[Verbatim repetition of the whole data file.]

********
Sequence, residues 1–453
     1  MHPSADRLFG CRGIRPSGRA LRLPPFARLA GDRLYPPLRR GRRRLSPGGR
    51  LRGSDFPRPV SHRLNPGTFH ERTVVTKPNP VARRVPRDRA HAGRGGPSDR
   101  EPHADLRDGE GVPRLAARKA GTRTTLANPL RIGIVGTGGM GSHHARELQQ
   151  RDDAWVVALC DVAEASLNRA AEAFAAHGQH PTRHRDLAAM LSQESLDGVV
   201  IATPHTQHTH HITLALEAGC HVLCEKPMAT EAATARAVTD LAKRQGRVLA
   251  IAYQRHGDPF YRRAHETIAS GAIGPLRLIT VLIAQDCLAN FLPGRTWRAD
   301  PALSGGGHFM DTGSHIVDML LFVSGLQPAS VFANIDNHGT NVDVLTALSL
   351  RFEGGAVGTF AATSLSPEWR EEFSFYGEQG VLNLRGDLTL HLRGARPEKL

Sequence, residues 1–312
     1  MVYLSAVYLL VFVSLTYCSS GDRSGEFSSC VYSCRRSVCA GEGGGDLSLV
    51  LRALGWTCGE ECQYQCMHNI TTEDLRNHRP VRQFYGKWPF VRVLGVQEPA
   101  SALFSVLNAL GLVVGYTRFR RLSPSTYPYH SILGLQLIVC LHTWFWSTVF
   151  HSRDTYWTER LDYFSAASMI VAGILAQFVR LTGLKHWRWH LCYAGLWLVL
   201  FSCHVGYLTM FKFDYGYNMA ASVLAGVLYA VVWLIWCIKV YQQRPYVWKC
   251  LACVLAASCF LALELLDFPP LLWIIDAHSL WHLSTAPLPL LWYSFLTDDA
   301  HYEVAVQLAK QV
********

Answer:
Sequence, residues 1–453
     1  MHPSADRLFG CRGIRPSGRA LRLPPFARLA GDRLYPPLRR GRRRLSPGGR
    51  LRGSDFPRPV SHRLNPGTFH ERTVVTKPNP VARRVPRDRA HAGRGGPSDR
   101  EPHADLRDGE GVPRLAARKA GTRTTLANPL RIGIVGTGGM GSHHARELQQ
   151  RDDAWVVALC DVAEASLNRA AEAFAAHGQH PTRHRDLAAM LSQESLDGVV
   201  IATPHTQHTH HITLALEAGC HVLCEKPMAT EAATARAVTD LAKRQGRVLA
   251  IAYQRHGDPF YRRAHETIAS GAIGPLRLIT VLIAQDCLAN FLPGRTWRAD
   301  PALSGGGHFM DTGSHIVDML LFVSGLQPAS VFANIDNHGT NVDVLTALSL
   351  RFEGGAVGTF AATSLSPEWR EEFSFYGEQG VLNLRGDLTL HLRGARPEKL

Sequence, residues 1–312
     1  MVYLSAVYLL VFVSLTYCSS GDRSGEFSSC VYSCRRSVCA GEGGGDLSLV
    51  LRALGWTCGE ECQYQCMHNI TTEDLRNHRP VRQFYGKWPF VRVLGVQEPA
   101  SALFSVLNAL GLVVGYTRFR RLSPSTYPYH SILGLQLIVC LHTWFWSTVF
   151  HSRDTYWTER LDYFSAASMI VAGILAQFVR LTGLKHWRWH LCYAGLWLVL
   201  FSCHVGYLTM FKFDYGYNMA ASVLAGVLYA VVWLIWCIKV YQQRPYVWKC
   251  LACVLAASCF LALELLDFPP LLWIIDAHSL WHLSTAPLPL LWYSFLTDDA
   301  HYEVAVQLAK QV